But then at the end of the meeting, the President of the Board, an anesthesiologist, dismissed the staff so we could have an executive session. He then said that the contracting committee had met, chaired by him, and they were recommending a 30-40% increase for the COO, and a salary for our Chief Medical Officer of $240,000 plus benefits for “at least 1000 hours of work a year.” His defense of these increases were that they had done an excellent job (true), that the ongoing automatization will reduce FTE’s by two, and that in former years we had paid more for these functions.

He always said, and this is the point I want to highlight, that he himself had recently been made director of a hospital-sponsored surgery center, and he himself would not take less than $400,000 for the CMO job.

He then called for an immediate vote even though there was little haste necessary and railroaded it through.

The similarity to what happened on Wall Street is very obvious. How this man can emulate a dying culture (hopefully) at this time is astonishing.

But here’s the point. Look at how hospital corporate culture operates! Arrogant and not too bright. He acts just like most hospital managers. Indeed, as an anesthesiologist, just like the hospitals, he is used to have a monopolistic situation and pushing it for all it is worth – this is what anesthesiologists do with health plans. If health plans want to cover a hospital, they need to have the anesthesiologists serving their patients, and single groups of anesthesiologists have exclusive contracts with the hospitals. This is SOP for hospitals in a community as they consolidate with each other. Hospitals are price-givers, no price-takers, and ditto for anesthesiologists.

The anesthesiologist is getting paid a very high salary for his Directorship, all the while continuing "full time" as a clinician. He is thus part of the hospital culture. The hospital officials pay themselves very well. After all, it's Other People's Money (OPM). Even though this hospital is losing money, has just gone to the state for bond money, raises money from the Foundation charity each year - they still pay themselves very well.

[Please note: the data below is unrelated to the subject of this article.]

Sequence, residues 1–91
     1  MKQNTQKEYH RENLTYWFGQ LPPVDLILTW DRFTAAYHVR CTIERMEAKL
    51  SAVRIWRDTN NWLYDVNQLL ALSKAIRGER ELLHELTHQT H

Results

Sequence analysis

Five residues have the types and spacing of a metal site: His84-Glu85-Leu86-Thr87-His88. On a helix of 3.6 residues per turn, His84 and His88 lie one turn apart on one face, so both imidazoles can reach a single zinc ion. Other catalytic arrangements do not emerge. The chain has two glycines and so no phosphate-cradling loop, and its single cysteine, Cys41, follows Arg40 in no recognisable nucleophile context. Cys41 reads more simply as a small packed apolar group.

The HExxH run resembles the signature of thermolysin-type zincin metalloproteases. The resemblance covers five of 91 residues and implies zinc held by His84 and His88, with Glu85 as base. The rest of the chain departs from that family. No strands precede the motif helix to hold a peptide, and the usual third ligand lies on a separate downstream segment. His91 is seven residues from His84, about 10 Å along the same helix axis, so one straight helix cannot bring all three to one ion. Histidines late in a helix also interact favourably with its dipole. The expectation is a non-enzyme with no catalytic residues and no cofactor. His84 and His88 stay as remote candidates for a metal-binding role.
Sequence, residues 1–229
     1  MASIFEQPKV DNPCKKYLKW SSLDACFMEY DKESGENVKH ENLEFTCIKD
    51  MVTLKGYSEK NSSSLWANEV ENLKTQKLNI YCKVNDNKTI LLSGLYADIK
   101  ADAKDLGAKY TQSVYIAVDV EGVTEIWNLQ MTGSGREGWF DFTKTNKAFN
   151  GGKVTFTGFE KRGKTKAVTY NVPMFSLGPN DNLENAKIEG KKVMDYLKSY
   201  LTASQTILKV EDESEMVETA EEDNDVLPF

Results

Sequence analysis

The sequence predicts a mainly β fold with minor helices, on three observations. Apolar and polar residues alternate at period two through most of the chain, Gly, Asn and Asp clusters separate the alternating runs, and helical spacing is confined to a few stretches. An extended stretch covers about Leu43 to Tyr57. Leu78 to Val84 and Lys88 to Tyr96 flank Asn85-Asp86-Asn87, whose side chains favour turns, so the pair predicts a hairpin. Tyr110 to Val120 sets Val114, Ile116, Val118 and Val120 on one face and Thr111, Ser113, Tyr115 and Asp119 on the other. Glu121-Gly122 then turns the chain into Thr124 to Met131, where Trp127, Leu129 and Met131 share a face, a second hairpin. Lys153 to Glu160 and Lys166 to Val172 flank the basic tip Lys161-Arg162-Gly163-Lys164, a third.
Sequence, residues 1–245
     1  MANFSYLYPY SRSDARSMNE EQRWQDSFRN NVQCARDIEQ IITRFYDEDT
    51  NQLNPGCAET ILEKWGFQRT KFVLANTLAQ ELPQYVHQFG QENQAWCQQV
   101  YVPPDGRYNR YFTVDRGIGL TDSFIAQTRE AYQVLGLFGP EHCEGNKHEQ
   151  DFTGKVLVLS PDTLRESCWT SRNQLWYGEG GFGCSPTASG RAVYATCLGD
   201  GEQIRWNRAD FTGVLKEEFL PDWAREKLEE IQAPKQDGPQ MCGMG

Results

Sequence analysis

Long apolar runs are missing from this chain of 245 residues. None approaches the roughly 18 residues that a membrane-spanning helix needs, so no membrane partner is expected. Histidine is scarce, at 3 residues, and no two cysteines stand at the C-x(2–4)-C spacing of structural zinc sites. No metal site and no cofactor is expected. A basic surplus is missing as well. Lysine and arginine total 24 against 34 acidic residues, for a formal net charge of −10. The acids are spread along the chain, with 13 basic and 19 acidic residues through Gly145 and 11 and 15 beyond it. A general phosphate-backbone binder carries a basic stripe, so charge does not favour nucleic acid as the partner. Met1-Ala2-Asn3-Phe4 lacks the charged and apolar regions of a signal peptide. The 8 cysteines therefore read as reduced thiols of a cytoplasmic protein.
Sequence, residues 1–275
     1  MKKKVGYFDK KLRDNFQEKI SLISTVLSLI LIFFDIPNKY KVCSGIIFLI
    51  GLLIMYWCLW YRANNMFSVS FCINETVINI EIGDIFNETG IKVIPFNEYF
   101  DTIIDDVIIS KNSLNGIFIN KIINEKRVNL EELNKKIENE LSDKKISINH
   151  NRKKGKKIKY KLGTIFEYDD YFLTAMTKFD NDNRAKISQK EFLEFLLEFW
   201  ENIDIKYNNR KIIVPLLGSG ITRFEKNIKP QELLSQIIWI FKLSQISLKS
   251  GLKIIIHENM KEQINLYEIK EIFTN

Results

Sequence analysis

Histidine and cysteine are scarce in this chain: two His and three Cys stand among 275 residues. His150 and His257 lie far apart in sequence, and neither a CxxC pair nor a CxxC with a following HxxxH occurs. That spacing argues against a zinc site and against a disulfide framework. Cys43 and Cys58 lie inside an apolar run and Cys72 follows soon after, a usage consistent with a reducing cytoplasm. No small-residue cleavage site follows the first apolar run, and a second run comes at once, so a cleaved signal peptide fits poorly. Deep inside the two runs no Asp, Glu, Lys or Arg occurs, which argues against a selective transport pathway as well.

And they use the same arguments as Wall Street. Our COO and CMO are not going anywhere, and not threatening to do so. But the Compensation Committee says, "We don't want to lose them. And compared to others in the field (just where the comparisons come from is not specified), they are underpaid, he claims. Right! Does it sound familiar?

So, when health care organization experts talk about health care reform, this culture and practice is what they have to address. They can talk about electronic medical records, they can talk about increased efficiency, they can talk about reforms that gore no one’s ox. But all the reforms in the world won’t work where the culture and custom tells everyone to act this way.

This is a very impressionistic and perhaps not very convincing post. In posts to come, I will probably be able to point to excessive salaries – the very ordinary CEO of a local non-profit hospital is making more than $800,000 as we speak; hospitals recruit very ordinary employees from our offices to make 30% more plus benefits, with no discernible reason. They order medical devices without even knowing how much the cost is, and without trying to get a favorable deal. Believe me, it’s a morass.

So talk about efficiency reforms, go ahead. It won’t make any difference. Heads have to be butted.

Budd Shenkin

Wednesday, February 4, 2009

Health Reform: The Problem with Hospitals